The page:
My Question

Tell me what you want next on this site; that is my question.

I have been writing this site – with the able help of my co-authors – since July 2014, and have reached what I might call a kind of plateau. Much of what I came to say about the most common kinds of kidney stone patients is said. Because the main work is done for the moment I have come with my question to you.

The readership of the site has grown from 50 people in the first month to a present running average of 55,000 – 65,000 people monthly, depending on the season, and many of the visitors read quite a bit each. People find the site valuable, and I am happy for that.

But, what next? I can guess, I can plan, and I can write.

I can also ask.

You might question why I chose Wedding Dance Outdoors by Pieter Bruegel the Elder. The picture is wonderful, so my reasons may not matter all that much.

Up Till 2017

Because I set out to create a definitive site, not a mere collection of opinions, I built a three layer cake.

Primary articles rest on peer reviewed literature and have links in them – some say too many, some say not enough – to scientific papers on PubMed. Secondary articles elaborate on and explain the primary ones in less technical detail. They link back to the primary articles rather than to PubMed. Public articles are for patients and their families. They show how science gives us useful ways to prevent stones. They have fewer links, and those are mainly to secondary articles.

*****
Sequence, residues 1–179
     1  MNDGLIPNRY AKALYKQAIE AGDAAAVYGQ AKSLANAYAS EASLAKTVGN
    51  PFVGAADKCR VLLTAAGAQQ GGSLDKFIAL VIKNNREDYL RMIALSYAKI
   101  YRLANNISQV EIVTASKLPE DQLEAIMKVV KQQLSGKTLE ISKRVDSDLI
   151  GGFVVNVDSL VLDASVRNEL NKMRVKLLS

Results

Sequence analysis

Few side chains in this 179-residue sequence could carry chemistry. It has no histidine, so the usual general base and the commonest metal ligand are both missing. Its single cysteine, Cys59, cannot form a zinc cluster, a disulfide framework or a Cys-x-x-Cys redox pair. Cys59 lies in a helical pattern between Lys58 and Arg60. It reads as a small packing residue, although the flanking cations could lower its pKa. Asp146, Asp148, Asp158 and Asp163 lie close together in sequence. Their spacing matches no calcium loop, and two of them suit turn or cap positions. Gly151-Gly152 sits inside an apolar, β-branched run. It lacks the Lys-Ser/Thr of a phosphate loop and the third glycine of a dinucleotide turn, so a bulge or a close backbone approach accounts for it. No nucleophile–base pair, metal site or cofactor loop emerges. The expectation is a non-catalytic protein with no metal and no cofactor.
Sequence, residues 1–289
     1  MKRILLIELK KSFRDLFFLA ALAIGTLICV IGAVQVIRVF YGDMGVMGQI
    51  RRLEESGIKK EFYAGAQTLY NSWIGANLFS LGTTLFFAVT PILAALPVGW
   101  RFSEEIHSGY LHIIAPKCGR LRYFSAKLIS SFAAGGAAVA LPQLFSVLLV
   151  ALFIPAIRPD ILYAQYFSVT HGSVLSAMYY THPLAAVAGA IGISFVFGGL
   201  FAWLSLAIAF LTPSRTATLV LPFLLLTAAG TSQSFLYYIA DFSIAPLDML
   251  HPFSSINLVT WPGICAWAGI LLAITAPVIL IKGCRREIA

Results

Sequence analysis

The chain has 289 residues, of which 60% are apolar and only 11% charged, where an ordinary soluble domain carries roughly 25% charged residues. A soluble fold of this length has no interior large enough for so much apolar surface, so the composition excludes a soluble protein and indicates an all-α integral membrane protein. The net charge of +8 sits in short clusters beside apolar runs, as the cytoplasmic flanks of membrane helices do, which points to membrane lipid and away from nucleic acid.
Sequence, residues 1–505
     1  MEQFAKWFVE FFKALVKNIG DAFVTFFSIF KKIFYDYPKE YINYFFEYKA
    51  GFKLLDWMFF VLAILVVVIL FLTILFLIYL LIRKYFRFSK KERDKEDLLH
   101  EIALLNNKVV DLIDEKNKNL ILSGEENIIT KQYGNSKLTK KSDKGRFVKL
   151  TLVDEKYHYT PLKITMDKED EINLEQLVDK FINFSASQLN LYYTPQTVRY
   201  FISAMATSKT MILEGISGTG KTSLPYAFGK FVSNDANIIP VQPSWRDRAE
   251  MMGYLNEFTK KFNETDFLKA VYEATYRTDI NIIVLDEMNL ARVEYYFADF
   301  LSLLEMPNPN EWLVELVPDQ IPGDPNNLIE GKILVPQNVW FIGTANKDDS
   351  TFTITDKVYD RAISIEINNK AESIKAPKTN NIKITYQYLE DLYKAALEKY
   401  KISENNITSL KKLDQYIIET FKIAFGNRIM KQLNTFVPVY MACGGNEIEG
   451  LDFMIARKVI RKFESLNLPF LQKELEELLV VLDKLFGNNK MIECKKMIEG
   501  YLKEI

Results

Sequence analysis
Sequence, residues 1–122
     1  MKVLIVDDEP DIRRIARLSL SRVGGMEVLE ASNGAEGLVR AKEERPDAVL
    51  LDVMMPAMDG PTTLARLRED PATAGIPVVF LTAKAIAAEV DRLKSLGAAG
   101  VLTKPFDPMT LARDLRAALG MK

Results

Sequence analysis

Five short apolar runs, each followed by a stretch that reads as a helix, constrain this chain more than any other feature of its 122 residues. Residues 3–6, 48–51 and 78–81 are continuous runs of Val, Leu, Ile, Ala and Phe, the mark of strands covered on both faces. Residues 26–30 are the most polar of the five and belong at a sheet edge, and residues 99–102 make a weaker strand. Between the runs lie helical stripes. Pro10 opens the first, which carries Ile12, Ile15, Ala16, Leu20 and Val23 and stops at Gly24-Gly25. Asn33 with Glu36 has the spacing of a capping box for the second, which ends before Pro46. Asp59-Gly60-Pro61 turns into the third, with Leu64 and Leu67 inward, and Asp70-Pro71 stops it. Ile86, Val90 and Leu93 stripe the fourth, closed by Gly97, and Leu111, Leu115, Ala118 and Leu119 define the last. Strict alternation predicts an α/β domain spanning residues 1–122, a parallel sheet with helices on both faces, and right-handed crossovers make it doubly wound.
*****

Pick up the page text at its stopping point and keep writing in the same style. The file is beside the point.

Since 2017 to now – July 2018

Since I first wrote this article I created the Kidney Stone guide Book, and new topic listings for the whole site. Some of what people asked for I have done. Here is the table of all of it. Done means just that. Part means I know I need some components. Some means I have examples and can add more.

Going Forward

As I did in 2016, I am asking again for your suggestions. Please leave them as comments. Since I have added a lot this past year, perhaps your topic is already here. If so it will be a link or at least an entry in the table.

164 Responses to “A QUESTION TO MY READERS”